Sharapova called the press conference to address the violation. She made this information public before WADA or the Tennis Anti-Doping Programme announced her failed drug test. Unlike other cases of superstar athletes testing positive for PEDs and denying such allegations — such as Barry Bonds or Alex Rodriguez — Sharapova came forward immediately. Williams showed her respect for this by responding, “Most people are happy with the fact she was upfront with what she had done in terms of what she had neglected. With that being said, she’s taking responsibility, which she was ready to do.” It would be unlikely for Williams to harbor any animosity towards Sharapova, seeing as Williams is essentially Sharapova’s Achilles’ heel. Williams has defeated Sharapova 18 times in a row, PED or not.

Sharapova’s willing cooperation should be taken into account when the WADA decides whether or not to suspend her from the professional tennis circuit. Considering that the drug ban is less than three months old and meldonium is not an anabolic steroid, Sharapova is likely to be back on the court fairly soon. While this stint may not affect her playing career dramatically, she has taken major financial hits from withdrawn endorsement deals this past week.

Sharapova has been the highest paid female athlete in the world for 11 years in a row, raking in $29.7 million last year despite trailing Williams in career prize money by around $39 million. Sharapova has earned over $200 million in her career from endorsements and royalties. Her sponsors included Nike, American Express, Avon, Evian, Head, Porsche and TAG Heuer.

After announcing her positive drug test, she lost her endorsement with TAG Heuer, which claimed the decision was permanent. Her endorsements with Porsche and Nike were also suspended indefinitely. The latter, her prized sponsor, Nike, is a deal that was extended in 2010 for eight years and $70 million. Both companies have said they will not make any further decisions until the investigation is over. Similarily, the owner of Evian said, “Evian has been a partner of Maria Sharapova for many years, and until now, we have maintained a trustworthy professional relationship … We will follow closely the development of the investigation.” Sharapova may not be suspended from tennis at all, but she may have already lost three endorsement deals totaling millions of dollars of potential revenue.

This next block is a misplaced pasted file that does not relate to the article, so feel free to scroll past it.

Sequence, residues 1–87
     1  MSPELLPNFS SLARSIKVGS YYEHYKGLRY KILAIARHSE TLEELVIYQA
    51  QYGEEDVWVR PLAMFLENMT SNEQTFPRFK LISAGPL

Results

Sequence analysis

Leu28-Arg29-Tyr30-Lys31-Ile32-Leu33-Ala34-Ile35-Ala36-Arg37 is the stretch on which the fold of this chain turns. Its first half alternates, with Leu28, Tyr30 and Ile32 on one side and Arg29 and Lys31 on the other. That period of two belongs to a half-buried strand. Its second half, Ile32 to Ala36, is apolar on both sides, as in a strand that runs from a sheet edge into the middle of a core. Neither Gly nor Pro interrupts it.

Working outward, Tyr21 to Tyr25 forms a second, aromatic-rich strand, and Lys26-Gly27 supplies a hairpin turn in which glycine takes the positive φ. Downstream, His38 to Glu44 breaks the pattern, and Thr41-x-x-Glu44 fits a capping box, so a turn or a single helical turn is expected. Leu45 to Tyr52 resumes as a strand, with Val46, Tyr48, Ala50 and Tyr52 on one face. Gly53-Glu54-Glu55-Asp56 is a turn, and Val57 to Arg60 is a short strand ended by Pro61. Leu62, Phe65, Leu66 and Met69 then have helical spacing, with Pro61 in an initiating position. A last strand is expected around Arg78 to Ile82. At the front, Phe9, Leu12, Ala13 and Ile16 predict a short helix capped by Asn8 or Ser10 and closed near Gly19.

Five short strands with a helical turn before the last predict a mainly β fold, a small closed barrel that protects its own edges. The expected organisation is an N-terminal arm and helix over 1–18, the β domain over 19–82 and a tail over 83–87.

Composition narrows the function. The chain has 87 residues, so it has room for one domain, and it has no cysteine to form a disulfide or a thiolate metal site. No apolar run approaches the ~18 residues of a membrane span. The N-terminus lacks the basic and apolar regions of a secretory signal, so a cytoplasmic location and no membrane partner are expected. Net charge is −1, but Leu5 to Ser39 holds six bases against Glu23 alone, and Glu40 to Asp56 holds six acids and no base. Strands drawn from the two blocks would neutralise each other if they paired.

Sharapova should be respected for her honesty, at least unless proven guilty of knowingly consuming a PED. She is being accused of being a cheater before the WADA has even had a chance to investigate. Sports fans will always be an athlete’s harshest critic. However, one would hope that international corporations like Nike would protect their athletes instead of jumping ship at the first sign of danger. Unless Sharapova is proven to have known about the banned list, we give Sharapova a ‘Cool’ for her willingness to comply, unlike the hundreds of male steroid users that fought the overwhelming evidence of their accusations until their last lying breath.